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Overgrown espalier pear trees...can I rescue them?


A few years back I planted two dwarf pear trees against a tall fence and began to train them into cordon espaliers. Then we had two kids, started a business and the fence fell down ???? 

They continued to grow "free standing" for a couple of years, got majorly out of hand and the new fence was eventually built behind them. Unfortunately the new fence has been put in a bit too far back to properly train them against. There is a gap of  ab It 8-10 inches between trunk and fence now.

Now they are completely out of shape, too tall and most of he growth is at the top and untrained. The trunks are also quite thick now. 

I have added a picture of each tree. Does anyone know whether can be rescued and retrained, also how/when would you go about doing so? I don't care if I don't get any fruit from them this year, I'd just like to get them back on track.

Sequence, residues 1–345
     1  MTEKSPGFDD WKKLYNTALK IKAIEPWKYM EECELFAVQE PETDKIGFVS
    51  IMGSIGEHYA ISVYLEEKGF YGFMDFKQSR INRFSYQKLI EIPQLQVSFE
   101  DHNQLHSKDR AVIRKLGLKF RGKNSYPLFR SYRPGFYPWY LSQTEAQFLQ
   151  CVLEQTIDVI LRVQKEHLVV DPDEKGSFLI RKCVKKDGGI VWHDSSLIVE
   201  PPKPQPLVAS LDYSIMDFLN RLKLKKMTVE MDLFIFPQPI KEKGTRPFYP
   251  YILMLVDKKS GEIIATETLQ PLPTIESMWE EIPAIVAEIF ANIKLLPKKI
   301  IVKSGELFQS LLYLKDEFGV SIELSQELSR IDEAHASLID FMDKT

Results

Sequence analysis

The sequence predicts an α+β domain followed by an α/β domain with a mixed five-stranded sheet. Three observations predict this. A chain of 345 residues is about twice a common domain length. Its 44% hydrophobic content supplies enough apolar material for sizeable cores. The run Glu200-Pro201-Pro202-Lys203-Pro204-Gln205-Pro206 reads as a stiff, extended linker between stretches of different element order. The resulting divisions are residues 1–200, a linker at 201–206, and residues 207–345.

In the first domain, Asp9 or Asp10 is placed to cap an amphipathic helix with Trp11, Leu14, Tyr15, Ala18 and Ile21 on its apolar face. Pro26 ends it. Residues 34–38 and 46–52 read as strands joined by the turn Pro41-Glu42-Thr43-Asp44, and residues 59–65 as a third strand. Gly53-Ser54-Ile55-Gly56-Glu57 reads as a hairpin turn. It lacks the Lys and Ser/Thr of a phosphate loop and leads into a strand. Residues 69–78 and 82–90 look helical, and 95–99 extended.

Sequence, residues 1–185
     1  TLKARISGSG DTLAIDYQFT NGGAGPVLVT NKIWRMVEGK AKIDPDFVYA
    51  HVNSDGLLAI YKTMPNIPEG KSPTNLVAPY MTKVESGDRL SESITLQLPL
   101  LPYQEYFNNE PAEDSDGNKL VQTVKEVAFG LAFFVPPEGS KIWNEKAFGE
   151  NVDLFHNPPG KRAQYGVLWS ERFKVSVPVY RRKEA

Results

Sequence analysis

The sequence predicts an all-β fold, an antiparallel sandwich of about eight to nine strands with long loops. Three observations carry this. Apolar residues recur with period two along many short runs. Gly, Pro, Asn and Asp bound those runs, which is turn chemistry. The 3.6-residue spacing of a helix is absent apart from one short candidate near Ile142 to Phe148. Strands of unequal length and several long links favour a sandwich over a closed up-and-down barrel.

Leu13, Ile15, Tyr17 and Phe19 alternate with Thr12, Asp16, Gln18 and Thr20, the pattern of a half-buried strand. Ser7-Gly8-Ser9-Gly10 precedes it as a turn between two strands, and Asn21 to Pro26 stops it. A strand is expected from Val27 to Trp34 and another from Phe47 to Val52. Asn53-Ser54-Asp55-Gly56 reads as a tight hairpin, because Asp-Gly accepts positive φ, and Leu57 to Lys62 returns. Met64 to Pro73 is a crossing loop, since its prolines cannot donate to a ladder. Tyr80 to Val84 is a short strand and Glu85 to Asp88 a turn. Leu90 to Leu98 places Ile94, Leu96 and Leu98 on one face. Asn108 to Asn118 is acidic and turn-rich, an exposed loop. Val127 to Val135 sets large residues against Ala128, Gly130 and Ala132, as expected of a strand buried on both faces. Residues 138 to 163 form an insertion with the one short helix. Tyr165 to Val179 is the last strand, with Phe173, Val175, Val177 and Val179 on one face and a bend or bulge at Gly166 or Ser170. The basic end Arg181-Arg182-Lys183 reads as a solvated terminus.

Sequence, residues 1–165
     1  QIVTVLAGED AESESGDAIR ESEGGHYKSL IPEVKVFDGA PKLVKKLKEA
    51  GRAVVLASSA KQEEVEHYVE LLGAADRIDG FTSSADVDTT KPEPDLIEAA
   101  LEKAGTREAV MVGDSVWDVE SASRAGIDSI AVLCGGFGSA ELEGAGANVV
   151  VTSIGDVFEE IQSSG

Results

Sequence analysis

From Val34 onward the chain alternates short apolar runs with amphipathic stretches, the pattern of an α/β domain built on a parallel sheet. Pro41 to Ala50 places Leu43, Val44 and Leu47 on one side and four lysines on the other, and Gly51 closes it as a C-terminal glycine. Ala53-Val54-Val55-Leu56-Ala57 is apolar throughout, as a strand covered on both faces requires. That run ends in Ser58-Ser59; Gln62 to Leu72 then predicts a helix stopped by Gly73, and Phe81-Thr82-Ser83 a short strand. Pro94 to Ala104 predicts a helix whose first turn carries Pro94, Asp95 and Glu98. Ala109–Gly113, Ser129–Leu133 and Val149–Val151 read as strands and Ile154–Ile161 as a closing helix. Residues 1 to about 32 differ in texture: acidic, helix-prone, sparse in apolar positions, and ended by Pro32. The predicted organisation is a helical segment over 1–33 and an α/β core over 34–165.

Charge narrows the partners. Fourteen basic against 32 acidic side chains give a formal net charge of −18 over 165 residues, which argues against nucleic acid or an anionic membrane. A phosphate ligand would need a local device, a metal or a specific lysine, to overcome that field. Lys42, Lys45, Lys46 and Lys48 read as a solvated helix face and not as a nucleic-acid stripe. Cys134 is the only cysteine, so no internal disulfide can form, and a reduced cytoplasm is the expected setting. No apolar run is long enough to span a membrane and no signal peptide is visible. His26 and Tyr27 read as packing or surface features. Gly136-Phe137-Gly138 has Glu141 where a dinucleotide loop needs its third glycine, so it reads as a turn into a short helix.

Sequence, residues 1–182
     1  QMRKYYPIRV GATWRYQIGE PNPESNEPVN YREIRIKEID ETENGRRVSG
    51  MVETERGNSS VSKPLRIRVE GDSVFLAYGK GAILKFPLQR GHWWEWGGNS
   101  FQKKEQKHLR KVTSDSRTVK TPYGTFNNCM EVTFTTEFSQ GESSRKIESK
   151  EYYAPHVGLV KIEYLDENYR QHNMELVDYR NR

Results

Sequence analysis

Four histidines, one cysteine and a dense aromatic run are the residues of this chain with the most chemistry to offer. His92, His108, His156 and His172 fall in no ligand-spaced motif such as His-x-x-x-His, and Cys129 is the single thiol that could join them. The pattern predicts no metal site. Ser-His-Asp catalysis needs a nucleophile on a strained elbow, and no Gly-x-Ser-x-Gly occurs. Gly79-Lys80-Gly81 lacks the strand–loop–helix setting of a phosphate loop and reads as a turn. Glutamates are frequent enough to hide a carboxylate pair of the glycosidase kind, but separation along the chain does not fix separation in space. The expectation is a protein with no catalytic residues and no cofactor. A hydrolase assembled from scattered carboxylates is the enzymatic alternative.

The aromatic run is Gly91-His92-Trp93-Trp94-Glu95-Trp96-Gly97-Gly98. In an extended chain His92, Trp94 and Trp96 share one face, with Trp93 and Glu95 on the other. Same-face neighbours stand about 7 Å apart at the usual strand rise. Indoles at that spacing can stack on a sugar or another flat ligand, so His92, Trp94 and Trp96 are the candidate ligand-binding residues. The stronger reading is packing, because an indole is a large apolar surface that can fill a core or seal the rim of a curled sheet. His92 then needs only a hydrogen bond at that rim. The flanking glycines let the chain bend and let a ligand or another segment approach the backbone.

thanks so much! ????


  • MaskponyMaskpony Posts: 2


  • ObelixxObelixx Vendée, Western FrancePosts: 26,207

    The same thinghad happened to an espaliered apple tree which was featured on Beechgrove Graden a couple of weeks ago in their "rescue" slot.   Have a look at their website as they do fact sheets.

    I suggest you have a read of this info from the RHS as it is important to time pruning to avoid loads of water shoots and encourage flowering and fruiting spurs:-


    "We don't stop playing because we grow old; we grow old because we stop playing." - George Bernard Shaw
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